Can dogs watch and understand television?

dogs watching TV

It’s really THE QUESTION, isn’t it?

Many of us are guilty of spending too much time in front of our television screens throughout the day. And if we’re going to do it anyway, we might as well have fun with the doggo!

Some of you may have noticed that your dog joins in during the family TV runs and may even appear to watch the programme. But seen as dogs’ eyesight is not the same as ours, it begs the question. 

So, can dogs watch and understand television? More importantly, is it a sign of intelligence?

Various studies have proven that dogs can see and perceive television. Dog behaviourists have confirmed that dogs even love watching television or any image similar to humans. They’re visual learners in that regard.

Although, it’s worth noting that their perception of television is inherently different from ours due to the difference in eyesight.

What do dogs see on TV?

The urban legend says that dogs can only see in black and white, but it has actually been proven otherwise. In reality, dogs can see and perceive some colours, albeit slightly differently from humans.

While we can watch TV from about 6-7ft away, dogs will have to sit within the 2ft range, or the images will be distorted and blurry. As for the colours, our furry friends have a colour vision similar to a human with red-green colour blindness.

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Additionally, dogs are less sensitive to variations in grey shades, and they are also less sensitive to changes in brightness. To say their vision is limited compared to humans would be an understatement. But we have proof that they have some visual strengths over humans too.

Dogs are 10 to 20 times more sensitive to motion at a distance than humans; their vision is well-suited to hunting at dusk and dawn, and they also have a much better peripheral vision.

In short, when it comes to the TV, the main difference in how your pooch views the screen compared to you will be the colour difference. Where you will likely see a range of colours clearly, your dog’s world will be full of blues and yellows since reds and greens will be far less distinguished.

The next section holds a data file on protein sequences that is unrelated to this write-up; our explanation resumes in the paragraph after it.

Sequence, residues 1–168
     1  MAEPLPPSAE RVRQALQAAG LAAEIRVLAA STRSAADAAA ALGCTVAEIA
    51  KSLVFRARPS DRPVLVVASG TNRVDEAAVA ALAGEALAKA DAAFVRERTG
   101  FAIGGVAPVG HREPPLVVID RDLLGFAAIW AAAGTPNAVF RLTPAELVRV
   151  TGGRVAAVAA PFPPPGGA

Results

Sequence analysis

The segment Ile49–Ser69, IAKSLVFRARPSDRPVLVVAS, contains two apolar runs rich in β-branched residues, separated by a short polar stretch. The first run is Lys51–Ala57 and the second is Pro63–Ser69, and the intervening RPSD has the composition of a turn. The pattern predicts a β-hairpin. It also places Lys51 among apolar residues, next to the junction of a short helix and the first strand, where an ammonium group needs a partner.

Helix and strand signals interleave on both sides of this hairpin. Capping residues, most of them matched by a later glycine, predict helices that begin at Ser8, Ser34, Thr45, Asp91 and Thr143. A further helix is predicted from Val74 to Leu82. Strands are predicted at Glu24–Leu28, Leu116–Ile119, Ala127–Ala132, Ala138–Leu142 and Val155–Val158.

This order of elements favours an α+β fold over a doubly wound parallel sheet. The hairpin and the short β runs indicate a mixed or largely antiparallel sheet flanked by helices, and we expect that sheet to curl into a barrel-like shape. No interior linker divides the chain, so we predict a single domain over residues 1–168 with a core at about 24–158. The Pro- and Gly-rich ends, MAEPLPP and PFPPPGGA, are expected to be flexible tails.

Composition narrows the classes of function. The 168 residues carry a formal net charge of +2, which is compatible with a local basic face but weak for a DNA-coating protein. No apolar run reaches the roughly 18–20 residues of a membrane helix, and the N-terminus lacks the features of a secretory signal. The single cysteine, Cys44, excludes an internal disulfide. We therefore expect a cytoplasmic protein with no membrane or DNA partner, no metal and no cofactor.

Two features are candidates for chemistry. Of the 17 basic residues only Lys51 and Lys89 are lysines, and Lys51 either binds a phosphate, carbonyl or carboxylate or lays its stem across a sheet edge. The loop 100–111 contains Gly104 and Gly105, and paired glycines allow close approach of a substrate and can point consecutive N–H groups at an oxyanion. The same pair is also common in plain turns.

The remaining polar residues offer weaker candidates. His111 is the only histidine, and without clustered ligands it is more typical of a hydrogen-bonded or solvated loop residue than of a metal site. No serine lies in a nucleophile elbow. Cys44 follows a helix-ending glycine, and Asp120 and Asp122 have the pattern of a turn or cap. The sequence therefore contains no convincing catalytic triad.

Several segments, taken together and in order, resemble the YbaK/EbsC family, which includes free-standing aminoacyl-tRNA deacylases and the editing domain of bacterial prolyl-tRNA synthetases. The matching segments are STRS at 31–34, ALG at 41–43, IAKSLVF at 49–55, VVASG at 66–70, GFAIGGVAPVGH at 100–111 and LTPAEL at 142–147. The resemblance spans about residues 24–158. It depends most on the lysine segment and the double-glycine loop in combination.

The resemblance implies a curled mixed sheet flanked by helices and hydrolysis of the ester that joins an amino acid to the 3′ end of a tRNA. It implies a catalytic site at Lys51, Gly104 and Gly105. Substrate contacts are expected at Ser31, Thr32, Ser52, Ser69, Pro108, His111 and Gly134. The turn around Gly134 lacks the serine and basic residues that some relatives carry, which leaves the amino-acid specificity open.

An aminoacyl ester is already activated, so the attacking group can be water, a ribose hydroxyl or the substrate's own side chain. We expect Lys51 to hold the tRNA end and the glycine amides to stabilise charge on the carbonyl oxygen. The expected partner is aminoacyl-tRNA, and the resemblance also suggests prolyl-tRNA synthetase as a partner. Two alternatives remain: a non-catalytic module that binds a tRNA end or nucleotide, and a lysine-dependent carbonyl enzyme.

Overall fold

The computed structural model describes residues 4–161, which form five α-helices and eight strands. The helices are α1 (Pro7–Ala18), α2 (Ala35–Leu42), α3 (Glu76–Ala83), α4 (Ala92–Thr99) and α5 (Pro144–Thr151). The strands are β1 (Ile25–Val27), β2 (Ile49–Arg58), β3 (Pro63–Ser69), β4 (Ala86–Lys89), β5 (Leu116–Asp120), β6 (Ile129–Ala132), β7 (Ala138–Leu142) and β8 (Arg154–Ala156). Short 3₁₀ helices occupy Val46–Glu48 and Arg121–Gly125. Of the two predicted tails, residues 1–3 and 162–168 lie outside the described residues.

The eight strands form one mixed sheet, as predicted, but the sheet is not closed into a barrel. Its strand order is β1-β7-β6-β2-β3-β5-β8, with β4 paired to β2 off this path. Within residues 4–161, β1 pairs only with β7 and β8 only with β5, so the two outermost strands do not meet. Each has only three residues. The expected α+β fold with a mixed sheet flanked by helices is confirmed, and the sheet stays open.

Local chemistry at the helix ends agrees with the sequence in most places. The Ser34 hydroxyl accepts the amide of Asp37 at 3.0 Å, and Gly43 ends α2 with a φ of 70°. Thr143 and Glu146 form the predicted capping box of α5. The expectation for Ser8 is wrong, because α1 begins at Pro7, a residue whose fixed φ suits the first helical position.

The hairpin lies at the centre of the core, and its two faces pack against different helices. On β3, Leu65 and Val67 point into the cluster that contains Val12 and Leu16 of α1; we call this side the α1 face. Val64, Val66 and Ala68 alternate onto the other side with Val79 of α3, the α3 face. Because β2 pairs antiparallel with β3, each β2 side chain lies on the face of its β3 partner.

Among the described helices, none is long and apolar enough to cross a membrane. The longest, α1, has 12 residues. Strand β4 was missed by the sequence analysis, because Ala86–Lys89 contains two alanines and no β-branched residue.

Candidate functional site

Read More: Yellow Dog Poo After Chicken and Rice

Why do some dogs love TV and others don’t?

Dogs love TV because of three primary reasons. First, their human owners love TV, and dogs are just that adorable! Second, dogs are visual learners and love staring at images or videos. Third, it’s the noise. Dogs are vigilant and look toward the TV to explore the noise source.

As a result, you may have noticed that your dog doesn’t watch the TV like you and your fellow humans do. You may have noticed that instead of sitting still to look at the screen, your dog may stand up, approach the TV, and even walk between the screen and yourself as they try to make sense of the sounds.

So, what about the ones that don’t prefer TV? Are they not able to understand the “moving images”?

Whether your doggo enjoys TV is a matter of preference, not intelligence. Dog behaviourists have also noticed that a dog’s TV preference heavily depends on age, breeding and living environment. All of which are more or less the same for humans as well.

Do dogs enjoy watching TV?

Research carried out in which dogs were placed in front of 3 TV screens found that dogs didn’t prefer watching a specific programme. Instead, they just wanted to focus on one screen regardless of what was shown.

So although your dog may seem to engage more with certain programmes than others, it doesn’t necessarily mean they enjoy it. If you have more than one dog, you may have noticed that what engages one dog may not engage another dog.

Some believe that dogs are influenced by their owner’s viewing: they claim that dogs follow their owner’s gaze and, as a result, appear to be watching TV alongside their family. Unlike humans, dogs engage best in short bursts. The research found that dogs engage by glancing at the screen rather than focusing on it like we would do. 

Read More: How to force-feed a dog who won’t eat?

Is it okay to let your dog watch TV?

By now, it’s evident that dogs don’t have the best vision. Compared to the human standard of 20/20, dogs have 20/75 vision. So, should you let your dog watch TV? Would it not degrade their vision further?

If your dog is getting enough exercise and attention, watching the TV screen will not do any harm.

Just like in our human relationships, we can sometimes be guilty of sitting together to watch tv and thinking that we’ve spent quality time together; it really is important to ensure you’re giving your dog attention via playing and interacting with them as this will be a more effective source of entertainment for your dog than the TV will be.

Exercise is important for every dog, especially if your dog is overweight or obese. Ensure that your dog is getting enough fresh air and physical exercise for their breed and needs and not being distracted by sitting in front of the television screen.

So the next time you settle down for an evening in front of the telly and your dog comes along to join you, there’s no need to stop them from watching. What they can see will be limited, and they may well be up at the screen when certain noises are produced.

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